President Bush on Saturday tied his fresh push for Mideast peace to the fight against terrorism and U.S. efforts to counter Iran's quest for greater influence in the region.

"As we saw on September the 11th, 2001, dangers that arise on the other side of the world can bring death and destruction to our own streets," Bush said in his weekly radio address. "Since then, extremists have assassinated democratic leaders from Afghanistan to Lebanon to Pakistan. They have murdered innocent people from Saudi Arabia to Jordan and Iraq.

"They are seeking new weapons and new operatives so they can attack America again, overthrow governments in the Middle East and impose their hateful vision on millions."

In his radio broadcast, Bush briefly sketched the agenda for his eight-day trip to the Middle East, which begins Tuesday, the same day as the New Hampshire presidential primary.

Bush is visiting Israel and the Palestinian territories, plus Arab allies Kuwait, Bahrain, United Arab Emirates, Saudi Arabia and Egypt. He said he will encourage Israelis and Palestinians to make "tough decisions on complex questions" so an elusive peace deal could be reached.

"I am optimistic about the prospects," Bush said.

His advisers, however, have all but ruled out a three-way meeting with Israeli and Palestinian leaders during the trip, dampening any thoughts that the president's personal diplomacy would yield a concrete peace accord at this time.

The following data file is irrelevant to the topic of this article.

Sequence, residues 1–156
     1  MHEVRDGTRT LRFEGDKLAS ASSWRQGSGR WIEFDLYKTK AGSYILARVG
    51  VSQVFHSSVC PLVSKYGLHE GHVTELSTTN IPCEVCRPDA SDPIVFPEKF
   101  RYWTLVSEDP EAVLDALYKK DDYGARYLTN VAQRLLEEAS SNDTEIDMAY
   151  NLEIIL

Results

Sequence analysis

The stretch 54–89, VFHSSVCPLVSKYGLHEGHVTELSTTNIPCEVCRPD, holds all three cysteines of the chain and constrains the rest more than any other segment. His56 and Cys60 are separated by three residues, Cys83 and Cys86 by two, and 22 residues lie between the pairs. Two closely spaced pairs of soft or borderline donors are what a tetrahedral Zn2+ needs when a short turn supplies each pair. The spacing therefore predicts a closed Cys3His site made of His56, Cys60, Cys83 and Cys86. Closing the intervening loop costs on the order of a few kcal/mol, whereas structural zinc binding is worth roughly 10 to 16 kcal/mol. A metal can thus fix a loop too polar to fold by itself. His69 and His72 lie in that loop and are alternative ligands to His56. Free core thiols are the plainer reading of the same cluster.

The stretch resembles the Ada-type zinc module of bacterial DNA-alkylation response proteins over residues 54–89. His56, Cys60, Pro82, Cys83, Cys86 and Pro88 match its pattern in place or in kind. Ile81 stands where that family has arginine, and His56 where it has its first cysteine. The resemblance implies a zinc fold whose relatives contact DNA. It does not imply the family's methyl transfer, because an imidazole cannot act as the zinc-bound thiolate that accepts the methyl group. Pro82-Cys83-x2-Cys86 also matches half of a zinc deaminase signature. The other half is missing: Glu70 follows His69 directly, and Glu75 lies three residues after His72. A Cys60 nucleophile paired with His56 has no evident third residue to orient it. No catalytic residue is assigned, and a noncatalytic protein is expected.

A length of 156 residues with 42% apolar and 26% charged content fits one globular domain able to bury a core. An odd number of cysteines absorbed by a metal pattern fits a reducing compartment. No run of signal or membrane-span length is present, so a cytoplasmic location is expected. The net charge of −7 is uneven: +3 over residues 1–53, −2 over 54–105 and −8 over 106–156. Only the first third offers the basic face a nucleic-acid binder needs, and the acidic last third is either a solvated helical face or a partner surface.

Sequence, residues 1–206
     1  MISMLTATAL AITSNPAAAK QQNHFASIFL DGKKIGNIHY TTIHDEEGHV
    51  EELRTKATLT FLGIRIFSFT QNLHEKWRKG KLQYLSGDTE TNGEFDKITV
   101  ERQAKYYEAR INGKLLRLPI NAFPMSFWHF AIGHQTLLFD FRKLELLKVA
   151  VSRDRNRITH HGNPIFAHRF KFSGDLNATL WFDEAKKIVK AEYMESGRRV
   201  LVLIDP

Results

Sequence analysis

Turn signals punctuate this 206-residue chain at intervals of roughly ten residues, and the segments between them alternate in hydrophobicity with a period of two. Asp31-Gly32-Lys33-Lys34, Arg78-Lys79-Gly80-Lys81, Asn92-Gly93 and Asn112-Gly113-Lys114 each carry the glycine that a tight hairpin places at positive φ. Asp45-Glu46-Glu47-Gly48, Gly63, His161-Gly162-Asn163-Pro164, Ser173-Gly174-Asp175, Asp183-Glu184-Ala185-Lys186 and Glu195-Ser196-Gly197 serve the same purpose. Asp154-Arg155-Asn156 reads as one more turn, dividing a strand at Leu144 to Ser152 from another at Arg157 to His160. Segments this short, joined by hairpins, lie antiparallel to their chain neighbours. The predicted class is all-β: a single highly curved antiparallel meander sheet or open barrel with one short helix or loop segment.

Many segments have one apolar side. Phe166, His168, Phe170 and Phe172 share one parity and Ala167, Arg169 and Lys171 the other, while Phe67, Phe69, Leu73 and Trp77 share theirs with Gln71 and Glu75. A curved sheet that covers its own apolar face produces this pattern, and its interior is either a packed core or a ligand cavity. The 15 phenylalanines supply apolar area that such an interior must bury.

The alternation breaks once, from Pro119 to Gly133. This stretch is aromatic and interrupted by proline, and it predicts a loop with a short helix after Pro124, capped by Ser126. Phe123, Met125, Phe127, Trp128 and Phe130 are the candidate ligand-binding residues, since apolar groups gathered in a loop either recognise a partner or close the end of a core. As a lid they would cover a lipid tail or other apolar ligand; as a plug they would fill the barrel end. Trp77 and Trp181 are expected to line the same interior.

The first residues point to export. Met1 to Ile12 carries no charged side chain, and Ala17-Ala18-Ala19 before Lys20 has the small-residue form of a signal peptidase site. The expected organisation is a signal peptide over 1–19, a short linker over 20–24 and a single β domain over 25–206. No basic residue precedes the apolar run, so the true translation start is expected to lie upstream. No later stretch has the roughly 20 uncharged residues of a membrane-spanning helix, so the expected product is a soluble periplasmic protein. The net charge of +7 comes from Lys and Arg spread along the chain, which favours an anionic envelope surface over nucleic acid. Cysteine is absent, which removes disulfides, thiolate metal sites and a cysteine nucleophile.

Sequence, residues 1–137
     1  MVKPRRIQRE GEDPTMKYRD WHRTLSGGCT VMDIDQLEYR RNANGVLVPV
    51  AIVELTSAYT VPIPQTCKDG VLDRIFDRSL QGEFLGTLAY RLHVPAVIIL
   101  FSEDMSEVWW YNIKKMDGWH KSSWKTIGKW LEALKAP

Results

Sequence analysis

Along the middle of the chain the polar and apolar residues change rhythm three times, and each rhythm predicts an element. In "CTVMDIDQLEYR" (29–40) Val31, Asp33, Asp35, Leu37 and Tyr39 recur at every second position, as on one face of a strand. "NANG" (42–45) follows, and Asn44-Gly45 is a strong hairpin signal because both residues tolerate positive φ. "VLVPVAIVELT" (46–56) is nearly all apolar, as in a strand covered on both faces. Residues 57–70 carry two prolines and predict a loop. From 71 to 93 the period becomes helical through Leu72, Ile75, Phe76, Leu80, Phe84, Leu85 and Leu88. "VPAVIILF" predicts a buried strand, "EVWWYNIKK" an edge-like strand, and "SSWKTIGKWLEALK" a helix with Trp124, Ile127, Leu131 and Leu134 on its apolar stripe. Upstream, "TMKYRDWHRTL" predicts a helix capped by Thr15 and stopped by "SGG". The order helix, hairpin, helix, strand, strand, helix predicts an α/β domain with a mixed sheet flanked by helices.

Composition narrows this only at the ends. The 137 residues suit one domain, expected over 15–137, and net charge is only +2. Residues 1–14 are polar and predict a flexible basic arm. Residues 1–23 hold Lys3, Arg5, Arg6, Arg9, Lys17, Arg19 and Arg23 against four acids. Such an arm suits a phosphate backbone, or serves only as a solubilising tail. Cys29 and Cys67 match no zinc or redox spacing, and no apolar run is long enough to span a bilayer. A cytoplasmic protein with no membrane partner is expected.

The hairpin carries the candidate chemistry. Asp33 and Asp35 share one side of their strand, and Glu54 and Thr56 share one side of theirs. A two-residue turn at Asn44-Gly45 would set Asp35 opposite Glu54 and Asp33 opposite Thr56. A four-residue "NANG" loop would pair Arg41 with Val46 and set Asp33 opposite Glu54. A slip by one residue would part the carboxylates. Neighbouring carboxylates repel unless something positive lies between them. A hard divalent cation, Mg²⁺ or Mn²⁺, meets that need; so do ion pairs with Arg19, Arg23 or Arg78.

Bush said he will urge Arab leaders to support negotiations between the Israelis and Palestinians and stress the "importance of countering the aggressive ambitions of Iran."

The president argued that success in Mideast peace is crucial to success in the battle against extremists, to whom the violent, intractable Israeli-Palestinian dispute is a potent recruiting tool.

"I know it is not always obvious why events in the nations of the Middle East should matter to the American people," Bush said. "But in the 21st century, developments there have a direct impact on our lives here."

Bush's series of bilateral meetings begin Wednesday in Jerusalem with Israeli Prime Minister Ehud Olmert and President Shimon Peres. On Thursday, Bush travels to the West Bank, an Israeli-occupied Palestinian territory, to see Palestinian President Mahmoud Abbas and Prime Minister Salam Fayyad at their headquarters in Ramallah.

Before leaving Israel on Friday for Kuwait, Bush will also meet with former British Prime Minister Tony Blair, now the Mideast representative for the so-called Quartet — the United Nations, the European Union, Russia and the United States.